The log burning stove was delivered (last week – but I didn’t mention it because it came damaged). The replacement one has now arrived and been installed. There is an interesting bit of kit associated with it, called a Laddomat. This is in part controlled by a flue thermostat. When the log burning stove is lit and the flue gets hot, the stat turns on the pump in the Laddomat. To begin with water is cycled through the stove only, until it gets to 60C. Then a limited amount of cold water from the thermal store is allowed to join, such that the outflow to the thermal store remains hot. This has two benefits. First, that the stove walls come up to temperature quickly, and stay warm, which reduces condensation on them and thus corrosion, so prolonging the life of the stove. Secondly, the water entering the thermal store is at a high temperature, so that water at a useful temperature begins to be stored. If this is not done, the stove would attempt to heat all the water in the thermal store at once. It could therefore be several hours before there was any water at a useful temperature. (The thermal store has a page to itself – see under Definitions &c at the tope of the page.)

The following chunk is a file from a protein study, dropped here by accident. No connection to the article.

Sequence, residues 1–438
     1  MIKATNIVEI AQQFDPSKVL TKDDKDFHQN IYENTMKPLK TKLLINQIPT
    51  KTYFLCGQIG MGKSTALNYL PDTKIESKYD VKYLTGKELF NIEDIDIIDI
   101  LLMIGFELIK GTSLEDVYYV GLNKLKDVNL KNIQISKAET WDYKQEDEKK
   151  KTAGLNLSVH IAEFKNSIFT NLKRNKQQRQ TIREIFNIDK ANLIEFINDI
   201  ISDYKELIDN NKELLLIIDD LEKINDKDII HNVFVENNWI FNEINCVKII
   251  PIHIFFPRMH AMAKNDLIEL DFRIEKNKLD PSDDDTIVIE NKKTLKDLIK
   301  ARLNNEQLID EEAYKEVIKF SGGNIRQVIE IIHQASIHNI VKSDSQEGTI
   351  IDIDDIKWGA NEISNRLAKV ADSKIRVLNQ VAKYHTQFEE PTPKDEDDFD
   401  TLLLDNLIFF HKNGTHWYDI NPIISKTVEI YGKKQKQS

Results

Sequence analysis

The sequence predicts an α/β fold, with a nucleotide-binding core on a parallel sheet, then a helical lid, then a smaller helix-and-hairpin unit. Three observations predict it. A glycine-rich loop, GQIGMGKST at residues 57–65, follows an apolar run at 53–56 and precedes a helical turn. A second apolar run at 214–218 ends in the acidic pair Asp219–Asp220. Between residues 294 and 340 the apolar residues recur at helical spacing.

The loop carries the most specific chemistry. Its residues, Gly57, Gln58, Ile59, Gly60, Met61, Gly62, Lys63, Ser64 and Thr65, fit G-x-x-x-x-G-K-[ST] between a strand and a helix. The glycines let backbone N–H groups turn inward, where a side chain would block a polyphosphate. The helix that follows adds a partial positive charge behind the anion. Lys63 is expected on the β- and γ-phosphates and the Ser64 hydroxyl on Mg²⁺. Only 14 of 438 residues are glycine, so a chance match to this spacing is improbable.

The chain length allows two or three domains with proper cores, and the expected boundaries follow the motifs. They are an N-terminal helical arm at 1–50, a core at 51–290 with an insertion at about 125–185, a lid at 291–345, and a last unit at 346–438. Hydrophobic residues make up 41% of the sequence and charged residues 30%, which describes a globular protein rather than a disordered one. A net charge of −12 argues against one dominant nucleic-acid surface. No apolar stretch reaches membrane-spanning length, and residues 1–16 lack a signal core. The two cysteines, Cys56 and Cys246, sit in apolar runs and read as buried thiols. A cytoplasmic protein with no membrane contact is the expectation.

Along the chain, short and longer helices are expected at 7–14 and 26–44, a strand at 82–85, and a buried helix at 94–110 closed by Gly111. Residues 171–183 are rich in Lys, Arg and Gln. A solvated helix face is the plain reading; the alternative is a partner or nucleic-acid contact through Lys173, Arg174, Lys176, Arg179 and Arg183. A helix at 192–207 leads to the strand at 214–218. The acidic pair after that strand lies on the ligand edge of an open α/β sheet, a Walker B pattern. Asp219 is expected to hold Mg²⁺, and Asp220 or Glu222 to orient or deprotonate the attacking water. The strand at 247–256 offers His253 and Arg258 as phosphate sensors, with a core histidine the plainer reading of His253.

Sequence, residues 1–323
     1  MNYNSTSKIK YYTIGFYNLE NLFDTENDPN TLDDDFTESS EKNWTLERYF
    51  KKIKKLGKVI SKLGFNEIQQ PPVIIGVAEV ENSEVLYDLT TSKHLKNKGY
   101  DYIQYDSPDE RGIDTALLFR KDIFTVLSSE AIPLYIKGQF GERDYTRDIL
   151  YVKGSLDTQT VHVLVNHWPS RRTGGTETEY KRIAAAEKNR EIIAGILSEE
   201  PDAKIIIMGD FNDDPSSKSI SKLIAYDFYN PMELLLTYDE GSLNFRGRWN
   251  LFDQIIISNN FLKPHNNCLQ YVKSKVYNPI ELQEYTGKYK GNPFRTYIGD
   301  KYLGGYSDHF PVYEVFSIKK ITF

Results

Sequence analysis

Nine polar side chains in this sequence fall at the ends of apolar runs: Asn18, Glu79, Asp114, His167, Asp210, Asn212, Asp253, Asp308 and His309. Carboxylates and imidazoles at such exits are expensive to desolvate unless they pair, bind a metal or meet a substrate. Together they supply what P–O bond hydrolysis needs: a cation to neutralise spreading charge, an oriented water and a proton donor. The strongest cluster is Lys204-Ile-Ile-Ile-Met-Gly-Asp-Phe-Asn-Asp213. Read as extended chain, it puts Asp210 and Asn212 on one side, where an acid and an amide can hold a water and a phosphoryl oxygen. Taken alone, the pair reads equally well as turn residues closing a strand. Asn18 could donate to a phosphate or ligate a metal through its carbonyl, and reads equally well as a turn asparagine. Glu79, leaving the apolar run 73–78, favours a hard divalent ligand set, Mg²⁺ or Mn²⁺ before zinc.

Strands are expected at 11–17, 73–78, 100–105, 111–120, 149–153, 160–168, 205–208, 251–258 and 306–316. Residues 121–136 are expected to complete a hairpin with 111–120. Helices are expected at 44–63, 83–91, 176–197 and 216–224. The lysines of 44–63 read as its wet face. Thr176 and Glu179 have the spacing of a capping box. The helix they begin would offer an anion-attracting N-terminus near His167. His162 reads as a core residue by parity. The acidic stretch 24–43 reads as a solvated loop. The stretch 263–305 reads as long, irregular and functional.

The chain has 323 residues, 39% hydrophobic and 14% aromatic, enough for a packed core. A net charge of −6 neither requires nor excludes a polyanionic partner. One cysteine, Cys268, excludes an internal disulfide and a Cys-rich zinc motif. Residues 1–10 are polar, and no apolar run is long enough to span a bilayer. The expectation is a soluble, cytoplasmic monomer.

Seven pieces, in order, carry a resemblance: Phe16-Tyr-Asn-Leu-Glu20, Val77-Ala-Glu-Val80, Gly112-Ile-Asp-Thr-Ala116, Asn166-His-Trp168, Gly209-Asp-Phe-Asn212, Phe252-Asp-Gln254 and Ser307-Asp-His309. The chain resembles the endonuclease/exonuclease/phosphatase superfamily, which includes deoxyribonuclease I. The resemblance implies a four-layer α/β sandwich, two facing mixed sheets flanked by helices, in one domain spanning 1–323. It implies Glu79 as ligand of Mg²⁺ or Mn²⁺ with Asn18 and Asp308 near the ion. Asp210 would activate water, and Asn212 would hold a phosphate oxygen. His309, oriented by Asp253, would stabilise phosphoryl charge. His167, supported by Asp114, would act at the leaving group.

The shape and size of the house has been, partly, revealed again as most of the scaffolding round the outside has been taken down. On the south side, in particular, there’s more light in the house and the house, from the outside, looks smaller. Some of it has been put up again inside, so that it’s easier to put up the plasterboard into the top of the internal ridge.
Details. It’s very difficult to plaster into an acute angle, such at the top of the building where the sloping ceiling meets the ridge beam. So when the insulation has been put in, battens to support plasterboard need to be fitted so that the ceiling is squared off for few inches and can meet the beam at a right angle.